European shares are doing slightly better than the FTSE this morning as some euro-zone countries start reopening for business. Germany, which went into lockdown slightly before the UK, will allow shops of a certain size to reopen from next week but keep social distancing in place. Schools there will restart from 4 May but worryingly for the leisure industry bars, cafes, cinemas and music venues will remain closed until the end of August.
For many tourist, travel and entertainment companies now, the key question is if they can either shrink to fit reduced demand or if the government injections will be enough to keep them afloat for what could be months rather than weeks.
EasyJet came out with the most optimistic view yet saying that it can remain cash-positive even if its fleet is grounded for nine months and that it would look for additional funding if the grounding lasts longer than that. If need be, its CEO said, the company can reduce its fleet through leases and sell a number of old airplanes. The 7.6% bounce in its share price helped to also lift cruise operator Carnival and British Airways parent IAG.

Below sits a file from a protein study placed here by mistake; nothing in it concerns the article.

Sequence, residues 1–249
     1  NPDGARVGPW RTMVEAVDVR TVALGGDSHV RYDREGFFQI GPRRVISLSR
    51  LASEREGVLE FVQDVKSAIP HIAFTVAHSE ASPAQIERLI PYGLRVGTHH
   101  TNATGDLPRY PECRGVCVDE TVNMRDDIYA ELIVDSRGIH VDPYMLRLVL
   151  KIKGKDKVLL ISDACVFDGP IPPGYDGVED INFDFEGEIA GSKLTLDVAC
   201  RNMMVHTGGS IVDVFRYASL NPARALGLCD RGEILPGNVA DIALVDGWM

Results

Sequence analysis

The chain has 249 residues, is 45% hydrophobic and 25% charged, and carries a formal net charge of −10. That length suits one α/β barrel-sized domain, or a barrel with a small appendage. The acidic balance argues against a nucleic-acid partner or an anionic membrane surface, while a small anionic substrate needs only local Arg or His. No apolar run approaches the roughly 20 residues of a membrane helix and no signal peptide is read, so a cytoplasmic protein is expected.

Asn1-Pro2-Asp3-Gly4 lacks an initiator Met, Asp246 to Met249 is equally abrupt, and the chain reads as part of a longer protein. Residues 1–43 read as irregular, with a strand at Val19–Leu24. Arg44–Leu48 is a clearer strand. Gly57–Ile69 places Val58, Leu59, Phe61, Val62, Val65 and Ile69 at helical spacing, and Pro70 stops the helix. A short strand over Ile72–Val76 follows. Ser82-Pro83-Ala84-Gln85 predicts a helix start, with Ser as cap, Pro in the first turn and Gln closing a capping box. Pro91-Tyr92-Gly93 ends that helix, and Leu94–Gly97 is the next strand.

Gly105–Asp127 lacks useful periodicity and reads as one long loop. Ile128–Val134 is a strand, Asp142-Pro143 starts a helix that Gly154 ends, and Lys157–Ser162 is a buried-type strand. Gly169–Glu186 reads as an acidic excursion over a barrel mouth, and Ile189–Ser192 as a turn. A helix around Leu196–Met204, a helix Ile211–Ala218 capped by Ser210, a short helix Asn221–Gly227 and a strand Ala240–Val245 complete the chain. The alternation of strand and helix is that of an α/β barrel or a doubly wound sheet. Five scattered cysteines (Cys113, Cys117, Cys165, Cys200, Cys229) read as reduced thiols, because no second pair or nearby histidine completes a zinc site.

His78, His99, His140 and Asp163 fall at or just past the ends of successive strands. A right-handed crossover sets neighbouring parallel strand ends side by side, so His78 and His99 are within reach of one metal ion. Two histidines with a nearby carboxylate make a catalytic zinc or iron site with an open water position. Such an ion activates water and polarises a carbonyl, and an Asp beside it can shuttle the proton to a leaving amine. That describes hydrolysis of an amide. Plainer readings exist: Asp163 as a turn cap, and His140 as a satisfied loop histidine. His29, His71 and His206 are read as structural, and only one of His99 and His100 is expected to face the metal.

Other firms are hanging by a thread like Mitchells & Butlers, the owner of O’Neill's pubs and Harvester restaurants, which managed to postpone its debt obligations until May 15 while furloughing almost all staff. Germany’s example makes it clear that the company may need an extension far beyond that date before it is likely to reopen.
Netflix to report results
In amidst the gloom that is the US earning season Netflix is expected to provide some positive news later today as over the last few weeks large numbers of home bound viewers took to the streaming provider with gusto. The firm’s shares hit an all-time high Wednesday raising its value above that of Disney. With cinemas likely to remain closed for a while longer in Europe and the US, Netflix will continue to remain in high demand.